For my elderly immigrant parents, the pandemic has exposed the digital literacy gap
April 27, 2020
By Globe and Mail |
Vivian Song is a Toronto expat and journalist who has been living in Paris for the past 10 years. She has written for The New York Times, BBC, CNN, Vice and Huffington Post UK, among others.
Since the outbreak of COVID-19, my brother and I have engaged in a new, tacit and transatlantic family ritual: From his home in Toronto, he sends my parents, who live in suburban Ontario, daily updates on the number of Canadian COVID-19 deaths as a fear tactic. Then, from my home in Paris, 6,000 kilometres away, I conduct regular checks like a drill sergeant to make sure they’re not leaving the house.
It’s a routine we’ve invented and honed out of necessity. The fast-evolving news and rules of this global pandemic can leave even the average media-savvy and digitally literate person scrambling; I know this well, because I’ve had to toggle constantly between news sites in France and Canada to try to keep up with developments both locally and back home. But our parents are Luddites in their 60s and 70s who, as Korean immigrants, aren’t fluent English speakers, to boot.
My 72-year-old father still does all his banking with a teller, refusing to get a bank card. It’s only in the past few years that he’s learned the basics of how to use a mobile phone and Google. My parents don’t have a cable subscription; they get all their news from Korea, thanks to a set-up my brother installed on their TV and computer. And while my mother can navigate YouTube and some messaging apps, her online comfort level ends there.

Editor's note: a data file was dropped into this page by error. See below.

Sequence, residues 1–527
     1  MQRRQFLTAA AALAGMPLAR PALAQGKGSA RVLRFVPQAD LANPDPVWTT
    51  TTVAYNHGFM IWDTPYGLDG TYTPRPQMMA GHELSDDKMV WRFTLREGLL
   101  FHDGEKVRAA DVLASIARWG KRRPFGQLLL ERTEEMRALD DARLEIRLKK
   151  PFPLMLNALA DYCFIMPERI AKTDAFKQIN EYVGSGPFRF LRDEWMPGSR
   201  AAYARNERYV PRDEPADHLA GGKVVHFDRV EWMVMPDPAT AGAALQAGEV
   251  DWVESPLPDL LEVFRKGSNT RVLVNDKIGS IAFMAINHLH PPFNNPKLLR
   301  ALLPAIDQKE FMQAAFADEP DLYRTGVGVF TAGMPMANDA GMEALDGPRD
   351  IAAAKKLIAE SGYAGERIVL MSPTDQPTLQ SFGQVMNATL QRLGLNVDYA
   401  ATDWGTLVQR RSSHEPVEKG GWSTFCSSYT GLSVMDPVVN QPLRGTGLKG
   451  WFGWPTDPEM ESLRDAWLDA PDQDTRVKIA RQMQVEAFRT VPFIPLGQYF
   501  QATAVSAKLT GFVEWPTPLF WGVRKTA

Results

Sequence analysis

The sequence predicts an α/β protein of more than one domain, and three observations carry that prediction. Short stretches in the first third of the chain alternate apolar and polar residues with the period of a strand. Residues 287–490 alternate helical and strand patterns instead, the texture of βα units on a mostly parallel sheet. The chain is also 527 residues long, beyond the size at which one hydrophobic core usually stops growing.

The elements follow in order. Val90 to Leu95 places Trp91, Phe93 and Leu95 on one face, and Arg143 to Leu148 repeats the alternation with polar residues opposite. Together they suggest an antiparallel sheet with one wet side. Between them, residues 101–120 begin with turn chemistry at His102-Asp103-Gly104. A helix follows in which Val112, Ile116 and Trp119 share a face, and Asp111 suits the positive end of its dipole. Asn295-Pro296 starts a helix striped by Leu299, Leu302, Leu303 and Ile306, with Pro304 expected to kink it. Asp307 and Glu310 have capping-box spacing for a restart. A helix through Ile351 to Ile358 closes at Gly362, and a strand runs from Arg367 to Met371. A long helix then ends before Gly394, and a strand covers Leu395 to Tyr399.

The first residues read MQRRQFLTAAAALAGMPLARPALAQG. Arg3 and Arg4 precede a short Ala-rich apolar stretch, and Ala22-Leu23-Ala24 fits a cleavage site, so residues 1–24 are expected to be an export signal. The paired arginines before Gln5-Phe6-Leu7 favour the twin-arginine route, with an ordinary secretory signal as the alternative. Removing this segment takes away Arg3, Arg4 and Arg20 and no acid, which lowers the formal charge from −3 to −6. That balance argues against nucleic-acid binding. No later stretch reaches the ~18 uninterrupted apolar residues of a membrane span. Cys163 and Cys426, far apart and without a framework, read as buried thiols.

There has long been a digital divide that has kept seniors such as my parents in an information vacuum. A 2018 report from the Canadian Internet Registration Authority (CIRA) notes that seniors are the group in greatest need of digital access and literacy, followed by low-income citizens, youth and Indigenous peoples. And just as it has with income inequalities and class divides, the pandemic has exacerbated these problems. And now, the very people who are most vulnerable to COVID-19 are also being left behind because of their informational disadvantages – with language barriers among immigrant seniors putting them at a double disadvantage.